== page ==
Saturday, July 23, 2011

The Newport Disconnectivity

There are a few times that I need to take an inter-peak Altona Loop shuttle train and change at Newport for a connecting train to the City.

I am always appalled at how low Platform 1 of Newport is compared to the train's floor. I could not help holding back a while every time I make that steep step from the platform to the train. My heart goes to those not physically agile who may find crossing between the platform and the train an arduous activity.

I had come across some train stations where a "chasm" exists between the platform and the train so wide that a misstep could land your leg in the gap. In fact, my wife had a frightening experience of the pram wheels caught in the gap at Footscray station. If not for the help from fellow passengers, the consequence could be disastrous. She is so traumatized that she no longer wishes to risk bringing a pram to Footscray station. I could not imagine how my wife could negotiate the sharply unequal level between Newport's Platform 1 and the train's floor on her own if she would to travel with a pram on board an interpeak shuttle train.

If such a structural rail hazard exists in Singapore (where I originally came from), it would have caused much public disquiet and immediate attention from the authorities. Here, it seems to depend all on the responsibilities, carefulness and alertness of individuals to ensure that their physical safety are not being compromised. It is not surprising that we often hear of rail accidents from the newspapers (Ref 1, 2, 3, 4, 5, 6, 7, 8, 9, 10, 11, 12). In Singapore, the casualties are more a case of suicide rather than the result of an accident.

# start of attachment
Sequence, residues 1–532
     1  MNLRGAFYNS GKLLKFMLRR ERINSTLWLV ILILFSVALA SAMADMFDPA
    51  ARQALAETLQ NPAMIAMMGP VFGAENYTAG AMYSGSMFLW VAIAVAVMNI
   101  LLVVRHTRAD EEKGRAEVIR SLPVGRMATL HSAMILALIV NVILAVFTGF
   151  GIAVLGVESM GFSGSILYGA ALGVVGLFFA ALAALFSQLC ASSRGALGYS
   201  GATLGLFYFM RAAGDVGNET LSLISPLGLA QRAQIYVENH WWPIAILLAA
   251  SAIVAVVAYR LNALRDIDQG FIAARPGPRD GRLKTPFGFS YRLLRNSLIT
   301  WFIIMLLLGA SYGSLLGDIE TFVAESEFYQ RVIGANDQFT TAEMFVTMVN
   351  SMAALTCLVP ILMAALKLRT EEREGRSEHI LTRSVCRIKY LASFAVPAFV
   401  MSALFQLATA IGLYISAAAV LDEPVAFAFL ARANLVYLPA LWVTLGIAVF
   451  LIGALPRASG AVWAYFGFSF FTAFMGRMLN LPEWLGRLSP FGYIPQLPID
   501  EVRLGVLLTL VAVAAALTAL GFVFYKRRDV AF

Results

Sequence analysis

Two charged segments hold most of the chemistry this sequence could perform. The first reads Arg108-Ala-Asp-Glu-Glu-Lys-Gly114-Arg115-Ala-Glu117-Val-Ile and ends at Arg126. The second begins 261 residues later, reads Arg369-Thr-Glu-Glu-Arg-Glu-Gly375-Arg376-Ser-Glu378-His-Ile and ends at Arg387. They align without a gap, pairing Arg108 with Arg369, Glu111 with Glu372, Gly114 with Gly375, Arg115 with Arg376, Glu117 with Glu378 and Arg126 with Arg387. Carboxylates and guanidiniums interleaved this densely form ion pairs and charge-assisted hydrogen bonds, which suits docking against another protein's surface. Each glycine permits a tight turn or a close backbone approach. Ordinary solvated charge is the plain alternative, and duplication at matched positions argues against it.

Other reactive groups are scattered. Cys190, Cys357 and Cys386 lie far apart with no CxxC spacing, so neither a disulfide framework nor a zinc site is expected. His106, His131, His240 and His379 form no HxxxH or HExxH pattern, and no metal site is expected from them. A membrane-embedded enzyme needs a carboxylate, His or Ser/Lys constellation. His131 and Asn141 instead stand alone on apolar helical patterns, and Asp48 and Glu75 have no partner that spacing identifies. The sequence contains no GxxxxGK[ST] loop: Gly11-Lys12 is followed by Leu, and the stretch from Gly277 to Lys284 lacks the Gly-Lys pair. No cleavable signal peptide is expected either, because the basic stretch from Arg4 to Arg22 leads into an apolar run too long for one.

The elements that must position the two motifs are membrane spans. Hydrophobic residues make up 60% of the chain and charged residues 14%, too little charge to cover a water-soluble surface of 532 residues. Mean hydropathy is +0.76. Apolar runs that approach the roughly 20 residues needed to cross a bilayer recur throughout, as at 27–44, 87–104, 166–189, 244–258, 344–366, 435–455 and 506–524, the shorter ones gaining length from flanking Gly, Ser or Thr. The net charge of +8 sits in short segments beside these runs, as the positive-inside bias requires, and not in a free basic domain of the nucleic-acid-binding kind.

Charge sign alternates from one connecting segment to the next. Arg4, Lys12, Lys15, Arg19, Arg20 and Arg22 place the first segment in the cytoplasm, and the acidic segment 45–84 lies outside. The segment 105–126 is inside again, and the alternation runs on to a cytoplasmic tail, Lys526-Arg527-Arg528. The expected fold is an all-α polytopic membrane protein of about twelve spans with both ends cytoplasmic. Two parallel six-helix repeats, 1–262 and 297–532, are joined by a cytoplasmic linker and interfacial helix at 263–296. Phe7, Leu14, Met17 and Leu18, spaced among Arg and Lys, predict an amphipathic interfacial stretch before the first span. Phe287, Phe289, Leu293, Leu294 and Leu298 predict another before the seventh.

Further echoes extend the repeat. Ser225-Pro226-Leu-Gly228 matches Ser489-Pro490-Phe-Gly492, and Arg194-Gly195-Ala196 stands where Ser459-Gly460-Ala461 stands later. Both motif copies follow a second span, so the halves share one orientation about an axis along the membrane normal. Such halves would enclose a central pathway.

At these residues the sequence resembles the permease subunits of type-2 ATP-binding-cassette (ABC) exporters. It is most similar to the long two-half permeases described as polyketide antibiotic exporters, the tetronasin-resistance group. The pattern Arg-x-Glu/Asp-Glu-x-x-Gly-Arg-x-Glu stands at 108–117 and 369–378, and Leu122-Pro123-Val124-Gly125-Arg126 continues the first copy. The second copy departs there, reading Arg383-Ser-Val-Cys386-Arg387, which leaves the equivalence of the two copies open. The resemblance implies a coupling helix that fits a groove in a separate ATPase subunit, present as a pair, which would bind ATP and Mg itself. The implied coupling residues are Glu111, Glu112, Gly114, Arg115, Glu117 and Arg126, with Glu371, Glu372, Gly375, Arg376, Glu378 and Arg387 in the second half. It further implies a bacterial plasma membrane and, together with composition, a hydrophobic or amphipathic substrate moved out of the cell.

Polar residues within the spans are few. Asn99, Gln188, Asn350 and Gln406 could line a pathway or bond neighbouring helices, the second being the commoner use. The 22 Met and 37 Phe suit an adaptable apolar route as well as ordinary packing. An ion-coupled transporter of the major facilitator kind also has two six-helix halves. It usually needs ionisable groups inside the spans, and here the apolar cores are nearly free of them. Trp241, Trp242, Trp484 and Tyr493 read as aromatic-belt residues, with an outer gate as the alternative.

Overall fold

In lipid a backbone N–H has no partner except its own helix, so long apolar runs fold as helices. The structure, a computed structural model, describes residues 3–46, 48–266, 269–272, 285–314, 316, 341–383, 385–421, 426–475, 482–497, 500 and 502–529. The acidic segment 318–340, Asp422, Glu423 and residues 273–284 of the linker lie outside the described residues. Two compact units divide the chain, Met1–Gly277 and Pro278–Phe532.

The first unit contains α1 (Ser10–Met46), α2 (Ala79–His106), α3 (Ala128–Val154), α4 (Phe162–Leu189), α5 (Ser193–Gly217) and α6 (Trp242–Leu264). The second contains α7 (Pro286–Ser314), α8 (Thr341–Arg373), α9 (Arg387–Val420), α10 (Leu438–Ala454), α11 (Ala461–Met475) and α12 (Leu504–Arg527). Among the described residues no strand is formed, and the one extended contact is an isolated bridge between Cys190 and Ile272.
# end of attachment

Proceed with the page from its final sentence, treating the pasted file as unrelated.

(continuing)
I do not know about Platform 2. But I believe raising Platform 1 at Newport to a safe level will be beneficial to all passengers, whether they are using Newport for connections or as a destination.

Anyone requiring assistance on and off the train can call Metro on 1800 69 63876.

3 comments:

Daniel Bowen said...

Most people are aware that when boarding with a pram, you push the pram on ahead of you... BUT many, many parents seem unaware that when alighting, you should get off first and pull the pram off backwards after you. This lets you easily see the gap and ensure the wheels make it across onto the platform.

Train operators could do more to fix the biggest gaps, and make sure people know how to best load and unload prams from trains.

Anonymous said...

I live in Newport and I've also noticed the huge leeway between the trains and platform 1. However, while this gap is quite significant with the newer 'upgraded' trains, the standard trains have a very minimal gap between the train itself and the platform. If this were to be fixed then we'd need to step down to get into the standard trains and the better trains would be the only ones that benefit. The trains are the problem because of the ways in which the height distances fluctuate.

Metro has also alerted passengers of certain ways to enter and exit the trains when travelling with prams and has also requested that people with prams enter the first carriage.

But yeah, our transport is crap.

Anthony Ang said...

This is strange. I use Westona and North Melbourne stations daily. Both stations do not have a platform-train unequal level problem, with either new or old trains. So I figure this is a platform design issue.

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